“Throughout the pandemic, the Y has worked to meet the needs of the 10,000 communities we serve across the United States,” said Kevin Washington, president and CEO, YMCA of the USA. “We are proud to team up with CVS Health as part of our efforts to help ensure everyone has equitable access to accurate information about the vaccines and to the vaccines themselves, especially communities of color, which have been disproportionately affected by the health and economic impacts of the virus.”

Lyft will work with CVS Health and non-profit partners to help underserved communities access vaccination appointments by providing free or discounted rides for those in need. Lyft’s universal vaccine access campaign is a partnership of companies, community organizations and individuals working together to make sure everyone has access to affordable, reliable transportation to get to vaccination appointments when they need to.

“Forty-six percent of Lyft rides start or stop in low income communities,” said John Zimmer, cofounder and president, Lyft. “The combined strength of CVS Health and Lyft, with our ability to reach vulnerable communities, enables us to support equitable vaccine access in communities that need it most. Now more than ever, equity matters.”

Education from trusted sources

Building on these efforts, CVS Health will also conduct outreach to patients in vulnerable communities over the coming weeks and months with text messages and emails featuring messages from pharmacists to encourage vaccination and address hesitancy.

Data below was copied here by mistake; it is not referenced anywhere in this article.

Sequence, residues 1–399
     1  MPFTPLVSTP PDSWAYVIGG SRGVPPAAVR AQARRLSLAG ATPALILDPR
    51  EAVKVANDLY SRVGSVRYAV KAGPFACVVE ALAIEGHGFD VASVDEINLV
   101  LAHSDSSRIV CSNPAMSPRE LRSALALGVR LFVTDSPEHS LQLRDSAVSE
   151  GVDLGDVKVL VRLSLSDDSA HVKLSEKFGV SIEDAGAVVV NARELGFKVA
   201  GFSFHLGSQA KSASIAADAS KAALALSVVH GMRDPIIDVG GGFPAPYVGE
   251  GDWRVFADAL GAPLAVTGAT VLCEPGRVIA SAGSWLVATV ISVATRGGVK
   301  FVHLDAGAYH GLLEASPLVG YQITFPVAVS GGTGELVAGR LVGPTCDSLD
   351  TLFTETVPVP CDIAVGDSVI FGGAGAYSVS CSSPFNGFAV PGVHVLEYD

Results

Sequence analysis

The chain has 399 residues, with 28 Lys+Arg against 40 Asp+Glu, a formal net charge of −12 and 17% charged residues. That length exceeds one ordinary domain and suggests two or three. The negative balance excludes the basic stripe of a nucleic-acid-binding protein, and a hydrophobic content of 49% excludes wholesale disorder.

“More than 40 percent of our pharmacists and more than 50 percent of our pharmacy technicians identify as non-white, and they are important voices in helping people understand the safety and efficacy of the vaccine,” said Neela Montgomery, president, CVS Pharmacy.

Reaching the widest audience possible

CVS Health has also joined the Ad Council’s COVID-19 Vaccine Education Initiative as a Founding Partner. This extensive communications effort will educate the public about the importance of, and work to build confidence in, COVID-19 vaccines with the goal of increasing vaccination uptake, particularly among Black and Hispanic audiences.

CVS Health will supplement this collaborative effort with a significant CVS Pharmacy marketing campaign focused on reaching vulnerable communities with educational information. With content available in both English and Spanish, components of the campaign are designed to reach specific audiences, including leveraging CVS Health’s role as a Founding Partner of the Black Information Network.

“We recently published new data showing 35 percent of Black survey participants do not plan on receiving a vaccine when it is first available, which is up nearly 10 percent from our November survey,” said Dr. Sree Chaguturu, senior vice president, CVS Health and Chief Medical Officer, CVS Caremark. “These data underscore the importance of our commitment to monitor equity in vaccine distribution and help support education and access.”